J: Eee! :)
K: I’ll be off to Lisbon tomorrow with the great minds behind this blog!
J: Ah! :)
How long do you travel for?
L: If I am traveling internationally, I usually go away for 2 weeks. If I am traveling domestically, this could vary from a long weekend (3 days) to a full week.
G: Anywhere from a week to a year.
B: I do a lot of small trips and long weekends throughout the year. I also plan one bigger international trip each year which will be somewhere between 1-3 weeks depending on my work and schedule. The longest I’ve ever traveled was a month and a half for backpacking trips. I wish I could do those more often though!
K: There’s no set duration, sometimes a weekend to sometimes 10 days.
What are your travel essentials?
In-flight essentials? Long-haul flight essentials?
L: I don't always travel with makeup but I will always pack my routine skin products. I don't really pack any shampoo, conditioner, or body wash because I am okay with using the hotel products. I ALWAYS pack a pair of flip flops or slippers to wear around the hotel.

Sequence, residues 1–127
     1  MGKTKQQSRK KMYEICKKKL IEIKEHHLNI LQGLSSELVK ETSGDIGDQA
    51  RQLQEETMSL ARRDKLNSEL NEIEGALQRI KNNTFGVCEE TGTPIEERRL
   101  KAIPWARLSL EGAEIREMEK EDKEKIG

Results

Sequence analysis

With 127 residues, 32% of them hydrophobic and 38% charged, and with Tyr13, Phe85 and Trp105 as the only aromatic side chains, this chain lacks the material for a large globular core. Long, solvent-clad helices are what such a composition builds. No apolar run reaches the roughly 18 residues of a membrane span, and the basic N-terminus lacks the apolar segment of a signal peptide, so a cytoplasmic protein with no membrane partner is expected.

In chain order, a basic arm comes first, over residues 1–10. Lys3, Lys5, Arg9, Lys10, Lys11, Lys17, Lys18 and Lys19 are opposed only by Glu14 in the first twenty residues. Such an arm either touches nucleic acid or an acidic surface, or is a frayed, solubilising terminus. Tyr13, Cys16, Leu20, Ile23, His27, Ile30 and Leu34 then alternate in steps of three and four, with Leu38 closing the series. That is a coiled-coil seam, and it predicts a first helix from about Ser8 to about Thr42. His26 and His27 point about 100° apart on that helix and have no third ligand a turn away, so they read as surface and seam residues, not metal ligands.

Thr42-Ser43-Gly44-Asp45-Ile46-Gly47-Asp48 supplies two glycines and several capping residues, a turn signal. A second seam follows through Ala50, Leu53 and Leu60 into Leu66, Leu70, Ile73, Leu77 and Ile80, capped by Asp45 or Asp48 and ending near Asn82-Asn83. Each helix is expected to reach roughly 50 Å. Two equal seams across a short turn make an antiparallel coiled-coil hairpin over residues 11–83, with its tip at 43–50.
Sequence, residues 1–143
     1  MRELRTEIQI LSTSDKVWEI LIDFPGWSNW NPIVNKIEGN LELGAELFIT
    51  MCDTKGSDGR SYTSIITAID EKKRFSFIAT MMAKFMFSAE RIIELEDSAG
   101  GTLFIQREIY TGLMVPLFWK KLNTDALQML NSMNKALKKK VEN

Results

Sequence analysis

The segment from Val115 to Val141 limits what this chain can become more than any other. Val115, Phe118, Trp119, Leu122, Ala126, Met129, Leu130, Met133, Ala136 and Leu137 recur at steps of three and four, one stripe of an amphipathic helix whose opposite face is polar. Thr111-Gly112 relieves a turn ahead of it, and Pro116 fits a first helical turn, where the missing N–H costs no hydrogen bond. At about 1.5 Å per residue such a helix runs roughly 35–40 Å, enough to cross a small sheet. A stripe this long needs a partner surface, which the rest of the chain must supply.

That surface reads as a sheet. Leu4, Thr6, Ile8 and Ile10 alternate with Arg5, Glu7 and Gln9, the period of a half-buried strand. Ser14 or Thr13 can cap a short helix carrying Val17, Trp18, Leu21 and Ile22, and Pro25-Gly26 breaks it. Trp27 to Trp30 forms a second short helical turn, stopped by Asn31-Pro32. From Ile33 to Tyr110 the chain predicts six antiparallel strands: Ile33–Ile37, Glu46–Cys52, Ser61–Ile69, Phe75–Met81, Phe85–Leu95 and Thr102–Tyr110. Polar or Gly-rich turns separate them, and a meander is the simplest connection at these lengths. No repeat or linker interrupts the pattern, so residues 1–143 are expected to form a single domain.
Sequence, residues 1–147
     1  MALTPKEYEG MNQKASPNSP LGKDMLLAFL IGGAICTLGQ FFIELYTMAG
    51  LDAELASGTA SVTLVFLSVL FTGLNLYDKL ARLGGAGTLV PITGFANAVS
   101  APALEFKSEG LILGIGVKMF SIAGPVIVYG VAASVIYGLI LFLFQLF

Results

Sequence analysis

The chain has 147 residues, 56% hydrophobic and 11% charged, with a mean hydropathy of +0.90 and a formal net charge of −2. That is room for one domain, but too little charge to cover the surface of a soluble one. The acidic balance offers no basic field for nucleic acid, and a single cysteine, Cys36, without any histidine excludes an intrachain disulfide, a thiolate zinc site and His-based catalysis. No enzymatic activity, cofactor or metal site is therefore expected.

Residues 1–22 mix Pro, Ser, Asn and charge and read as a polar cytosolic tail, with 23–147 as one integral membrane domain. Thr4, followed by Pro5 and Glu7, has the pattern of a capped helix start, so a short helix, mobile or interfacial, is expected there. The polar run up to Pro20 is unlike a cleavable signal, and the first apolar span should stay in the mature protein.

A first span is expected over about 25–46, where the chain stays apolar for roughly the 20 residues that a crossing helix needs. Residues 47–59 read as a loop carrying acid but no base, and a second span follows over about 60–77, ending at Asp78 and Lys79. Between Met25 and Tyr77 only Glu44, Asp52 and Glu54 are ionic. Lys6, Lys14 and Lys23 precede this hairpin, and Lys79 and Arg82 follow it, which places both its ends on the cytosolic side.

For long-haul flights, I always pack a change of clothes and clean underwear in my carry-on. I will usually have a book, headphones, and a TON of yummy snacks depending on how long the flight is.
G: Microfiber towel, travel insurance, really long cell phone charger, camera, and external batteries.
Vaseline is essential because my skin gets really dry, even on short flights. And I binge-watch the movies.
B: I pack light. I can’t emphasize that enough. In fact, most of my friends always joke about that. Some essentials include a microfiber towel (dries quickly so you can pack up and leave for your next stop), daypack to explore the city with, lock for my belongings at the hostels, flip flops for hostel showers, earplugs to help sleep through hostel noise, portable power bank for my phone, copy of all my documents just in case (passport, credit cards, etc.). Of course I also bring small amounts of toiletries and clothes that are easy to mix and match or re-wear. If I go for longer trips, I’ll pack individual laundry detergent packets so I can wash my clothes in the hostels.
A good book and headphones. That’s generally all I’ll need for any flight. For longer flights, I also bring earplugs on the plane so I can get some shut-eye (in case there’s a baby on the plane), a bottle of water, and a snack.